Science



Questions 1-4 are based on the following passage and diagrams.

Levers are a commonly used from of simple machine. A lever rotates on a fulcrum. A lever has a point where an applied or effort force exists, and a point where a load or resistance force exists. For a lever to perform work, the effort force must overcome the resistance force.

Levers are divided into three classes. The figure below shows the characteristics used to classify levers, as well as examples of the three classes of levers.

1. Which of the levers shown in the figure above actually consists of two levers that rotate, in opposite directions, around the same fulcrum?
A. crowbar
B. nutcracker
C. shovel
D. wheelbarrow
2. You want to move a rock. Where should you put the fulcrum to minimize the effort force needed to overcome the resistance force?
3. Which of the following best describes why a person may not be able to lift up a full wheelbarrow by its handles?
A. The effort force is not enough to overcome the resistance force.
B. The resistance force is not enough to overcome the effort force.
C. The effort force is not enough to raise the fulcrum.
D. The resistance force is not enough to raise the fulcrum.
4. A screwdriver is often used as a first class lever to pry open lids (see figure below). Which of the following best supports this statement?

A. The screwdriver is being used as a lever that has no fulcrum.
B. The screwdriver is being used as a lever that has two fulcrums.
C. The fulcrum is between the effort force and the resistance force.
D. The effort force is between the fulcrum and the resistance force.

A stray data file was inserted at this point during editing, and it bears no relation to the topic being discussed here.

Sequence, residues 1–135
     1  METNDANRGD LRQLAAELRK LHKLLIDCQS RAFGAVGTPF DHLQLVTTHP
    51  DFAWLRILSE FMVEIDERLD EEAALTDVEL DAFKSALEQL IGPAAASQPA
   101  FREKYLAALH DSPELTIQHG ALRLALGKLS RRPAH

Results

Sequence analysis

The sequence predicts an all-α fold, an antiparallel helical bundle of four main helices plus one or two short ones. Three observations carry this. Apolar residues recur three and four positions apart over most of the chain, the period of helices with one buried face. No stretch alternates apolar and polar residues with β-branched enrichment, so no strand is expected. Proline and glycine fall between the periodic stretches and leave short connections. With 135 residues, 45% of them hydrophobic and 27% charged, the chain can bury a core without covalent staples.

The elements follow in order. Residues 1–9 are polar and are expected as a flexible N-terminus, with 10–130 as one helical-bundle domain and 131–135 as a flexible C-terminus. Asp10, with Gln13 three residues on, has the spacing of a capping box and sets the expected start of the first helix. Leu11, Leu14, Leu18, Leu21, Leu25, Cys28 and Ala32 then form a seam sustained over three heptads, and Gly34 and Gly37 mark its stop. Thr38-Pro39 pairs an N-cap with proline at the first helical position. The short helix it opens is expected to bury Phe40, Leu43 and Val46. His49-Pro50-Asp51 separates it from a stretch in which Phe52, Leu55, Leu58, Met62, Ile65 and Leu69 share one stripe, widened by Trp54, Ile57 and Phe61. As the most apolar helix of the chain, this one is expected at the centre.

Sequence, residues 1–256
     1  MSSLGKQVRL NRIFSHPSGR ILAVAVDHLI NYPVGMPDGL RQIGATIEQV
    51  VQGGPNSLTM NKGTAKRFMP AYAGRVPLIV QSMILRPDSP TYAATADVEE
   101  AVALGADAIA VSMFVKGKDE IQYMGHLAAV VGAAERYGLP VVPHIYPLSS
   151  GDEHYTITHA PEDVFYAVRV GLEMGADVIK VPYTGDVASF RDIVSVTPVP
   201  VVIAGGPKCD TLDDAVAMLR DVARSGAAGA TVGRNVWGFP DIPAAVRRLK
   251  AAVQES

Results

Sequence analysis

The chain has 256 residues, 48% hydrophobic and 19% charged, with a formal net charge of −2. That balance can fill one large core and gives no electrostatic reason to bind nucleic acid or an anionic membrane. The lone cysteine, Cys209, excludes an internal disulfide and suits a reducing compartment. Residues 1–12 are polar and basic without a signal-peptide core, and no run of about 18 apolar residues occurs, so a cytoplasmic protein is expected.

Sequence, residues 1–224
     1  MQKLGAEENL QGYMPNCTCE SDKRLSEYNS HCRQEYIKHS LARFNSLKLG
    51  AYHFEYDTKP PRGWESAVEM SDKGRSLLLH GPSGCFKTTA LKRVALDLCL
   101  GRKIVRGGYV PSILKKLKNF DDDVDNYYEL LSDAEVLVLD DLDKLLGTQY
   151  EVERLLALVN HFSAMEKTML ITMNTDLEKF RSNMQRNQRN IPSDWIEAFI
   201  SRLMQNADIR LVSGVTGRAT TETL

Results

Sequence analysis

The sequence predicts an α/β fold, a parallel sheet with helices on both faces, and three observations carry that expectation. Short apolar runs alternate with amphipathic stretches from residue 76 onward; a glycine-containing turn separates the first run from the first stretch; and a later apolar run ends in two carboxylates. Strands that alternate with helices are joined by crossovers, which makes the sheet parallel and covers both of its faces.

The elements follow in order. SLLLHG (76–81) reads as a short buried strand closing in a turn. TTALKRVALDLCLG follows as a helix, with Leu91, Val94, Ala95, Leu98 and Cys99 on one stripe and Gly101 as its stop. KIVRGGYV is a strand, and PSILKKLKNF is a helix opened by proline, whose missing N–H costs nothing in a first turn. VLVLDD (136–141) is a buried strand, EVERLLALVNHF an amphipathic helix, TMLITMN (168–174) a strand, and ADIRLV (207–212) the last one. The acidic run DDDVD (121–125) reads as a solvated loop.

A resource is anything found in nature that can be collected and turned into a useful product. Some resources, call renewable resources, can be reused or replaced by nature relatively quickly. Other resources, call nonrenewable resources, occur in limited amounts and are used faster than nature can replace them. Whether a resource is renewable or nonrenewable affects the way we manage the resource.

Students were provided the following cross-section of a natural setting which had been thoroughly explored by a mining company (see figure below). The students were then asked to come up with some conclusions about the resources in the setting.
 

5. Fish are usually considered a renewable resource. However, the fish in the figure above might be considered a nonrenewable resource if the fish
A. overpopulated the pond.
B. were not harvested.
C. were taken from the pond faster than they could reproduce.
D. reproduced faster than they could be harvested.
6. A mining company decided that any iron deposit deeper than 400 meters would cost more to collect than the iron was worth. Which iron deposit(s) in the figure above is/are possible resources for the mining company?
A. C only
B. A and B only
C. B and C only
D. A, B, and C
7. Corn can be processed into ethanol that can be used as fuel for cars. Accordingly, ,corn could be considered a renewable replacement for which of the resources shown in the figure above?
A. iron
B. water
C. oil
D. uranium
8. Which of the following energy resources shown in the figure above could serve as a renewable source of energy?
A. oil
B. coal
C. uranium
D. the Sun
Questions 9-12 are based on the following passage and diagram

Two scientist traveled to a remote island in the ocean. While on the island, they discovered several animals never before seen. The scientist identified and recorded several characteristics of each of the different animals. Those data are given in the table below.
 


Animal Number of legs Tail Food Habitat
A 4 yes meat mountain
B 4 yes plants jungle
C 6 yes plants jungle
D 6 no plants caves
E 8 no meat water
F 8 no meat water
The scientist needed this information in order to group the organisms. One way to do this is to create a classification system such as that shown in the figure below.
9. In the classification system shown in the figure above, which box at the bottom will have no animals in it ?
A. Box 1
B. Box 2
C. Box 3